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Topic: a combinatorial question
Replies: 4   Last Post: May 3, 2012 3:00 PM

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analyst41@hotmail.com

Posts: 117
Registered: 4/27/05
Re: a combinatorial question
Posted: Apr 28, 2012 9:30 AM
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On Apr 22, 2:42 am, Lynne Vickson <clvick...@gmail.com> wrote:
> On Apr 19, 4:36 pm, "analys...@hotmail.com" <analys...@hotmail.com>
> wrote:
>

> > Although it seems elementary, I am not aware that standard textbooks
> > treat this problem.

>
> > There is a universal set U of N distinct objects. A fixed subset S of
> > n distinct objects is chosen from it (0 < n < N).

>
> > Another subset T of m (0 < m < N) distinct objects is then chosen from
> > U.  The question is what is the probability distribution of the
> > cardinality of S intersection T.  N may be considered to be infinity,
> > although m/N and n/N are not vanishingly small.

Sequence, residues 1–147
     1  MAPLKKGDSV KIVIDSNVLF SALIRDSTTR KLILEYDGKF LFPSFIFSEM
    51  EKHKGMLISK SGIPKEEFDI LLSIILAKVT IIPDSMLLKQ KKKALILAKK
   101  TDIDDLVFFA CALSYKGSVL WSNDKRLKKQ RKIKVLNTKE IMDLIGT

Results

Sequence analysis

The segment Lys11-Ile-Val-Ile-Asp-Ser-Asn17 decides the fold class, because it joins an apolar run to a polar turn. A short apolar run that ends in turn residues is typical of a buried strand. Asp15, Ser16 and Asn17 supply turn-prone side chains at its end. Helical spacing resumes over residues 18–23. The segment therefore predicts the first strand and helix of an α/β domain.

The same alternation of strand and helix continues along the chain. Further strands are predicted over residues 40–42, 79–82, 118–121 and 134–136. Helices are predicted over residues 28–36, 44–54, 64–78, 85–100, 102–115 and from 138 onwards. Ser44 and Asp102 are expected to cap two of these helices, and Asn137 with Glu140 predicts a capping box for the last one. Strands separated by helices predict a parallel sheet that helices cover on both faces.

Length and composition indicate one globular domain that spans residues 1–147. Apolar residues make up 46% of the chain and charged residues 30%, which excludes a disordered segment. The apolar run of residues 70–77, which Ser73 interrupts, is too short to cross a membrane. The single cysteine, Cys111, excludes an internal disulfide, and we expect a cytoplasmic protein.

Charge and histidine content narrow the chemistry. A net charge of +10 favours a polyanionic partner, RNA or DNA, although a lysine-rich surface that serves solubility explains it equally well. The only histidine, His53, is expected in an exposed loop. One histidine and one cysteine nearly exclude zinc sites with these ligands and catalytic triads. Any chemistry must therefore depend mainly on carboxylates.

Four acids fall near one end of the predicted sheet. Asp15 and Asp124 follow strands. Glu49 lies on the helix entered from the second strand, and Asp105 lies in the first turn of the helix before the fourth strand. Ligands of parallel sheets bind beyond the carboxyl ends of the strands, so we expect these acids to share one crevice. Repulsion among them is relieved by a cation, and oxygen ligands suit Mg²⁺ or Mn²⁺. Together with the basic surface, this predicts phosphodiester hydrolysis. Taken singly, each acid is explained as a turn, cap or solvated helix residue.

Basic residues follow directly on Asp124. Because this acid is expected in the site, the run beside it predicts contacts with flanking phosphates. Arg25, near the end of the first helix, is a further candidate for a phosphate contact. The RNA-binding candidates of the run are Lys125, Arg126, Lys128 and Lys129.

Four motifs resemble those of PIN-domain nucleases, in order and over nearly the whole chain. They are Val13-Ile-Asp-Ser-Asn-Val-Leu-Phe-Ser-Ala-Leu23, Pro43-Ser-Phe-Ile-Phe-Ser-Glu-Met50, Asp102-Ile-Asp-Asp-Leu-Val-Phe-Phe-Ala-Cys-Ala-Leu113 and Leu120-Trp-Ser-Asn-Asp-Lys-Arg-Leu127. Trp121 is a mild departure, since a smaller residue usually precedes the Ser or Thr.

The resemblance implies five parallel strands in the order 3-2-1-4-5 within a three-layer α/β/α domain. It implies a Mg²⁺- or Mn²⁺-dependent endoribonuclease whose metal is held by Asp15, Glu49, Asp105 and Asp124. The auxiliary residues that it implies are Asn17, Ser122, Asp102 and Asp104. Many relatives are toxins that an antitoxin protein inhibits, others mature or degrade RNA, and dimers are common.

>
> If N is finite and the choice of the m objects comprising T is
> "random", the cardinality of the intersection
> has a hypergeometric distribution. (The hypergeometric distribution
> gives the probability of k type 1 objects
> when m objects are chosen without replacement from a population of N1
> type 1 and N2 type 2 objects; in
> your problem, N1 = n, N2 = N-n and you are asking how many objects in
> the random set T are type 1.)  If
> N is "infinite" but n/N is nonzero, and if you pick a FINITE number m
> of objects, you now have the binomial limit of the
> hypergeometric, so the cardinality of T intersect S has the binomial
> distribution with parameters m and p = n/N.
>
> RGV


Thanks. I am looking at a contingency tables problem. Let x(i,j) =
observed count in row i and column j. r(i) = row sum of row i and
c(j) = column sum of column j and G = grand total count. Typically
r(i).c(j)/G is comapred to x(i,j) to test for interaction between rows
and columns. There seems to be an implied "binomial approximation"
here and now its clear exactly whats going on.

I have another question: Any particluar cell may over- or under-
perform with respect to the expected value under the null hypothesis
of no interaction. Are there one-sided tests for particular cells and
groups of cells to test for over/under performance?



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